Atlantis Arisen/Chapter 17
ABOUT THE BOTANY OF THE NORTHWEST.
Many of the flowering shrubs of Oregon and Washington have already been mentioned in the chapter on forests. One of the first to blossom is the red flowering currant ( Ribes sanguine- rum), which puts forth its flowers before its leaves are fully expanded, like the Judas-tree of the Missouri Vallejo which it resembles in color. There appear to be two or three varieties of this species, as the color varies from a pale rose-color to a full crimson. The flower is arranged in clusters upon a slender stem like the green blossoms of the garden currant, but is much larger, and of a different shape. The bush is highly ornamental when in blossom, and generally introduced into gardens for decoration. It flowers in March. East of the Cascades is a yellow species very similar. Both of these grow near streams, and in the edge of the forest.
Of the spiraea there are several species. The wax-berry, with its tiny pink flowers and delicate leaves, is found in bottom-lands and on river-banks. In autumn the bottoms of the Columbia furnish thickets of wax-berries which, growing side by side with the wild roses, make a pretty contrast to the crimson capsules of the latter. In higher ground, yet subject to overflow, is found the Spiraea tomentosa , or hardhack, as it is commonly called, which grows in thickets and bears a cluster of a purplish-pink color. But the most beautiful of the spiraeas is the kind known as sea-foam ( S . aricefolia ), which its great creamy-white clusters really resemble. This grows along the river-banks and in the shade of the forest’s edge, and blooms in June and July, according to its locality. It sometimes grows to a height of twenty feet in the shade, though usually about five or six feet high. The stems are very delicate, like all the spiraeas , and bend most gracefully with the weight of the clusters.
Side by side, usually, with the last-named spiraea is the beautiful mock-orange ( Philadelphus ), with its silvery-white flowers crowding the delicate green leaves out of sight. Throughout
Oregon this shrub is called syringa, to which family it does not belong. It is very ornamental, and blooms in June and July.
Of wild roses there are several species and many varieties, from the dainty little £i dime rose,” of a pale pink color, to the large and fragrant crimson rose which grows in overflowed ground. There are always some roses to be found from June to December. It is usual to find the shrubs here mentioned growing in close proximity; and these, with the flowers of the woodbine (Lonicera Occidentalism, and the blossoms of various kinds of wild fruit trees, make a perfect tangle of bloom and sweetness along the river-banks in summer.
We have elsewhere spoken of the dogwood, which is as handsome as a magnolia-tree when in blossom, and of the wild cherries and other fruits whose flowers are sweet and beautiful. The Oregon grape, or holly-leaved barberry, bears a flower that is very ornamental, of a bright yellow color, in clusters a finger long. The leaves of this shrub are also very beautiful, which makes it desirable to cultivate. Its fruit is ripe in August, and is of a bluish-purple, like the damson plum.
In Southern Oregon, the Rhododendron maximum is one of the glories of the mountain-tops, with its immense branches of rose- colored flowers. It is occasionally seen in gardens. The buft- colored Azalea occidentalis is also confined to the southern and eastern portions of Oregon. It is said that the clematis grows east of the Cascades, but we have not seen it; and also the ilex- leaved mahonia. The wild grape ( Vitis Californica ) is another shrub or vine which is confined to the southern portion of Oregon. In the Rogue River Talley, in October, it is a striking ornament in the landscape, the foliage being turned a rich ruby-red color, and forming clumps upon the ground or hanging pendent from way-side trees. It does not seem, however, to furnish much fruit.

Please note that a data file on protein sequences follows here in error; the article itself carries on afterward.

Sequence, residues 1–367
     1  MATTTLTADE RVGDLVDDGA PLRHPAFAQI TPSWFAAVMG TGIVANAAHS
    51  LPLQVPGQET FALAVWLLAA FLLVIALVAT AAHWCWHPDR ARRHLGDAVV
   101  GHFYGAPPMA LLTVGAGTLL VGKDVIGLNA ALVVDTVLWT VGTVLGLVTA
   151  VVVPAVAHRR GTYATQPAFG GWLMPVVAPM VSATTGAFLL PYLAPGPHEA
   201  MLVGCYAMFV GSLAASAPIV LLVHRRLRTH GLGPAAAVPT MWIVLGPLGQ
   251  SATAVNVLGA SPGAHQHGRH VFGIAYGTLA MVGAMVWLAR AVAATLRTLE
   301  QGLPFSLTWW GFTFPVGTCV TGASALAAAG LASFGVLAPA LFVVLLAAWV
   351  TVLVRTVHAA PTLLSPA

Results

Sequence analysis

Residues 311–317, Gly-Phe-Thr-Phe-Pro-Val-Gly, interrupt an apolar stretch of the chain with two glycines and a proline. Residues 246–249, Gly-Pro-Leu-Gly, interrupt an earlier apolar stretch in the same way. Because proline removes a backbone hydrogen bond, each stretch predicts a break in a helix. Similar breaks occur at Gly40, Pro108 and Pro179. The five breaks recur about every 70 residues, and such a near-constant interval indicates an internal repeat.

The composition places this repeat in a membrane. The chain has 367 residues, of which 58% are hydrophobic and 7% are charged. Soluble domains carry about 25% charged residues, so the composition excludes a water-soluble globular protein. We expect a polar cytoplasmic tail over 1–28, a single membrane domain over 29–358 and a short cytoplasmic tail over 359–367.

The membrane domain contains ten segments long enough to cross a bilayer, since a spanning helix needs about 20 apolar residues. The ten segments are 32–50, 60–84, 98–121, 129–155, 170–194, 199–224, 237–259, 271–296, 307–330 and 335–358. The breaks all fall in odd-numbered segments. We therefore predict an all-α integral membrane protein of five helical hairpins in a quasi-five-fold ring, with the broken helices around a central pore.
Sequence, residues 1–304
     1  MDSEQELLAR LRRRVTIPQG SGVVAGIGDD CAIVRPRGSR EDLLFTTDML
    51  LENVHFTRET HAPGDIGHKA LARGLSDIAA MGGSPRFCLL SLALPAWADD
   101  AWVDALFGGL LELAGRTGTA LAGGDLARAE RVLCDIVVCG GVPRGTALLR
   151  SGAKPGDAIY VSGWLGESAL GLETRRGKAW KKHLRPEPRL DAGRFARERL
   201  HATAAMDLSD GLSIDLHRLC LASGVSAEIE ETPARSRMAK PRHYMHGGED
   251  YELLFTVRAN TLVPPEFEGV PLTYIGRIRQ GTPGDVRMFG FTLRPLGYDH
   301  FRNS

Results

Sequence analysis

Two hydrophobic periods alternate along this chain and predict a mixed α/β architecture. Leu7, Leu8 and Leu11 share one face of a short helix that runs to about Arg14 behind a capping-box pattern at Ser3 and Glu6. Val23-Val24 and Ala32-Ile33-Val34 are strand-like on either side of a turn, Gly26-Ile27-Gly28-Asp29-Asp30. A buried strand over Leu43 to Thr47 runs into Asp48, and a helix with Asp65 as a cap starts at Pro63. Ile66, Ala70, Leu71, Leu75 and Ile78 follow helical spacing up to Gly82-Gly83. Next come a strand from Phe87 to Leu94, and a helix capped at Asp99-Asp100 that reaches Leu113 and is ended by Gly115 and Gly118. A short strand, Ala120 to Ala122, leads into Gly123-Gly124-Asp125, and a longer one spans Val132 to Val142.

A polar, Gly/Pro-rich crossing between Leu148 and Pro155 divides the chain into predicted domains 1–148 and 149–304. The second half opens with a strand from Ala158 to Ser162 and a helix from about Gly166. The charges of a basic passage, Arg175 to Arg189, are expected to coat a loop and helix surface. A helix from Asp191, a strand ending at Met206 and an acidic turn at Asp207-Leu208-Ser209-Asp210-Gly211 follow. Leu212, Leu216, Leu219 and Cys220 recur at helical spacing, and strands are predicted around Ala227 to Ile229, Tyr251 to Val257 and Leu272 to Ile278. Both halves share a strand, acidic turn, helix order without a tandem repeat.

Of field flowers there are a great many in all parts of Oregon and Washington, beginning with the early spring to beautify the earth, and kind succeeding kind throughout the summer and autumn. There are, especially near the Columbia, where the soil which covers the rocks is often a thin, black mould, countless varieties and species of very minute flowers, so small frequently as to need a microscope to analyze them successfully, but of
lovely shapes and colors. I have found within the range of an acre forty kinds of flowering plants in the month of July, half of them of this minute size.
Of the plants peculiar to the Northwest which bear handsome flowers the Camas family is prominent. The Camasia esculenta , or edible camas, of whose roots the Indians make bread, grows about eighteen inches high, and bears at top a bunch of starshaped flowers, of a beautiful lavender color, with a golden centre. The leaves grow from the root, and are lanceolate. The places where they are most abundant usually are called “ Camas prairies,” and they form a feature of Eastern Oregon and Idaho. They are also plentiful in Western Oregon. The flowering season is about the middle of May near the Lower Columbia. There are several species of the camas, one of which is poisonous.
Only a very thorough and industrious botanist could enumerate the flowering plants native to this country. Among the most useful is the yellow lupine, which with the white, blue, and purple varieties grows abundantly in East Oregon. The yellow variety is found to be a power in reclaiming the sandy wastes where it is sown. The seed should be mixed with rye, which grows faster and protects the young plant from the encroachments of the sand ; but once the lupine is fairly above the ground it becomes aggressive, not only defending itself, but absorbing the life of the rye. In the autumn the lupine sheds its leaves, which form a pasty muck over the ground, while new ones start out; and this it does for five years, when it dies, having fulfilled its mission. The ground can now be sown with grass and harrowed, when the grass comes up richly, and the billowy sand waste is a verdant plain. It was by this means that the military reservation and G-olden Gate Park at San Francisco were reclaimed. The same method might be applied to making the sandy Union Pacific Railroad line along the upper Columbia more comfortable, as well us more agreeable to the eye.